In addition to anesthetics, oxygen, which is widely used during general anesthesia, constitutes another possible contributing neurotoxic factor. Interestingly, the vulnerability to oxygen neurotoxicity is confined to the first 2 weeks of life, coinciding with the brain growth spurt. Few studies have examined the effects of hyperoxia on neurodegeneration in the developing brain. One clinical study showed that hyperoxia increased the risk of cerebral palsy in preterm infants [20]. An animal study showed that a 2-h exposure to 80% oxygen caused significant cortical neuroapoptosis in 7-day-old rat pups at 24 h, but exposure to 60% oxygen over 12 h did not [6]. Consistent with those findings, the results of the present study demonstrate that an exposure to 60% oxygen for 2 h could not, on its own, trigger cortical neuroapoptosis in rat pups. Furthermore, our results show that hyperoxia + ketamine induced a significantly greater increase in neuroapoptosis than ketamine alone. Together, these data suggest that hyperoxia-induced neuroapoptosis is associated with oxygen concentration and the duration of exposure to hyperoxia, and that hyperoxia may potentiate ketamine-induced neuroapoptosis in the developing brain.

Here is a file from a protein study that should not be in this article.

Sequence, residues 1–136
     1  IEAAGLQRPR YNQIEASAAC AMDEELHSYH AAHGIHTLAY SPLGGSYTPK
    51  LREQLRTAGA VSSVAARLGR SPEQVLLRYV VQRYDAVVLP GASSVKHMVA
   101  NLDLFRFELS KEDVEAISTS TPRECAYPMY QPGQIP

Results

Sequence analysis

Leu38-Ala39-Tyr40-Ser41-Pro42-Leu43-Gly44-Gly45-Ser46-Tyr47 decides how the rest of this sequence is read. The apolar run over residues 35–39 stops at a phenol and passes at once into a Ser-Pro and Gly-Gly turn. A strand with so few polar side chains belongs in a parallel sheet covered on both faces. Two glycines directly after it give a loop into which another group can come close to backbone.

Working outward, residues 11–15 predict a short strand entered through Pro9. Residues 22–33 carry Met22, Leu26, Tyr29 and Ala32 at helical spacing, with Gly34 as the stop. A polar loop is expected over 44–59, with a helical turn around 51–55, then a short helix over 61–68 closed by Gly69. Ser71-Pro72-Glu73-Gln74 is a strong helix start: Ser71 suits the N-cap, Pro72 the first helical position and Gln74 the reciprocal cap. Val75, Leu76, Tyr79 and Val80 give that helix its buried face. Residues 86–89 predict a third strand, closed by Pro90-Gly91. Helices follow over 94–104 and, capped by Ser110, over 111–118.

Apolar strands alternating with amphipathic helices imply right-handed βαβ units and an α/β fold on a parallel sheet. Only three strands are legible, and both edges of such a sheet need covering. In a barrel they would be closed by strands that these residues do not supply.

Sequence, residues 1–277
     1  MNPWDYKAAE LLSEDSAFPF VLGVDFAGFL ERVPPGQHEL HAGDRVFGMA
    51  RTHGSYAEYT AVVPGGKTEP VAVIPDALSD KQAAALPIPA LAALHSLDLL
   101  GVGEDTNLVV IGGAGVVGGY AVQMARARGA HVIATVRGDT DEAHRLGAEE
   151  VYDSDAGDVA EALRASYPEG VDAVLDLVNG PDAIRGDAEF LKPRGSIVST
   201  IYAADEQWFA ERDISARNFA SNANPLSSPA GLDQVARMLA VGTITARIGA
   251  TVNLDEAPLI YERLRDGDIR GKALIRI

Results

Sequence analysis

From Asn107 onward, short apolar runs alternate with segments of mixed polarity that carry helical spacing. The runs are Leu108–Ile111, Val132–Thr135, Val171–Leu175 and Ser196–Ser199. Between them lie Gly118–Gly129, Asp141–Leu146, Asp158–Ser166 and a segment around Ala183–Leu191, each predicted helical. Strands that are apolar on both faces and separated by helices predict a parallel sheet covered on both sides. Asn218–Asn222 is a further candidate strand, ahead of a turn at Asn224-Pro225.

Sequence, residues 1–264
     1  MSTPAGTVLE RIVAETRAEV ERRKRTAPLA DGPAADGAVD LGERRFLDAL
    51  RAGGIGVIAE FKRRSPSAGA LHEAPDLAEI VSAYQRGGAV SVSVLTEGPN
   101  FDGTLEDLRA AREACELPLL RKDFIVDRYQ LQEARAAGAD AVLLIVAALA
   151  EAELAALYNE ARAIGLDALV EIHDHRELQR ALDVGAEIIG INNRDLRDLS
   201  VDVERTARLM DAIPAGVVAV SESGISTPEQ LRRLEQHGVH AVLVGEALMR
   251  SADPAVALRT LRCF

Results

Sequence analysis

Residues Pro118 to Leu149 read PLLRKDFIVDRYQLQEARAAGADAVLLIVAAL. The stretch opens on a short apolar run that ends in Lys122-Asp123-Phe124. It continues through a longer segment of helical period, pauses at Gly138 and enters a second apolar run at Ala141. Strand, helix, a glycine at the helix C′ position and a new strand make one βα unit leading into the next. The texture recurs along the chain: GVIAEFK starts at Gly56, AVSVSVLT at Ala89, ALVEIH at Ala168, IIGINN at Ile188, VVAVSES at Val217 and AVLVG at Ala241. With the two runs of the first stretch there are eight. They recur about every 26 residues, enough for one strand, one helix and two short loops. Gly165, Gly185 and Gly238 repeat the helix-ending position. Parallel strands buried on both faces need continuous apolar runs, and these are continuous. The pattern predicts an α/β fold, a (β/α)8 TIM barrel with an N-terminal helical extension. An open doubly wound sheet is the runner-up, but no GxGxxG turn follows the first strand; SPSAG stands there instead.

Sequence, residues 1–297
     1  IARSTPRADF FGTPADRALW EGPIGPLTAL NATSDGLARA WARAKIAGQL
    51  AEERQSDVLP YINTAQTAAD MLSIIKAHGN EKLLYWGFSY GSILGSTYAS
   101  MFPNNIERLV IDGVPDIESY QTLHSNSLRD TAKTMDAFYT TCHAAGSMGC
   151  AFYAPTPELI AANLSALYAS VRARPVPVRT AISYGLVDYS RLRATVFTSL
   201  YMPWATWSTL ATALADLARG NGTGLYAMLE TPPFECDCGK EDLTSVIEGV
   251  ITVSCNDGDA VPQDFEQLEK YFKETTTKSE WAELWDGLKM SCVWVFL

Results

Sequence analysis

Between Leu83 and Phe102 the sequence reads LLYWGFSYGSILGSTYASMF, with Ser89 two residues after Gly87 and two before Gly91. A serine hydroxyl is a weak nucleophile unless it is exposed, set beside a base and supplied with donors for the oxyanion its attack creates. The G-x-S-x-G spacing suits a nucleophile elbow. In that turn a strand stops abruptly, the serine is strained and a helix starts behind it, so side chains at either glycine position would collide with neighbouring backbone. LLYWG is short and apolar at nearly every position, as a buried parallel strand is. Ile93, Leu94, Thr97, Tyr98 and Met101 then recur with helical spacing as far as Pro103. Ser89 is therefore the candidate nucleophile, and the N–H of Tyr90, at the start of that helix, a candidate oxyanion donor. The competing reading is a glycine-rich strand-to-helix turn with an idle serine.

To date, the mechanisms underlying ketamine-induced neurotoxicity in the developing brain have not been completely elucidated. However, in vitro and in vivo studies suggest that ketamine-induced neuroapoptosis in the immature central nervous system may involve a compensatory upregulation of the NMDA receptor NR1 subunit and subsequent overstimulation of the glutamatergic system by endogenous glutamate [11, 21]. It has been shown that NMDA receptor NR1 subunit mRNA is prominently expressed in the frontal cortex [21]. So, the frontal cortex is the brain region most vulnerable to ketamine-induced neurotoxicity [15]. Consistent with those previous findings, the present study demonstrated that a single injection of ketamine significantly increased NR1 mRNA and protein expression in the frontal cortex of rat pups. Moreover, in contrast to the effect of hyperoxia in the lung [12], we did not observe enhanced NR1 subunit expression in the frontal cortex after hyperoxia exposure, indicating that this action of hyperoxia may be organ-specific. Interestingly, the results of the present study also showed that combined administration of ketamine and hyperoxia caused a significantly greater increase in NR1 expression than ketamine alone. These data suggest that an increase in NR1 subunit expression is associated with the elevated neurotoxicity of ketamine under hyperoxic conditions. Of course, it is necessary to note that the current data are inadequate to testify the direct relationship between the ketamine combined with hyperoxia and the increased expression of NR1 subunit. So, more studies are needed to illuminate the exact mechanism by which ketamine with or without hyperoxic conditions further upregulates NR1 expression.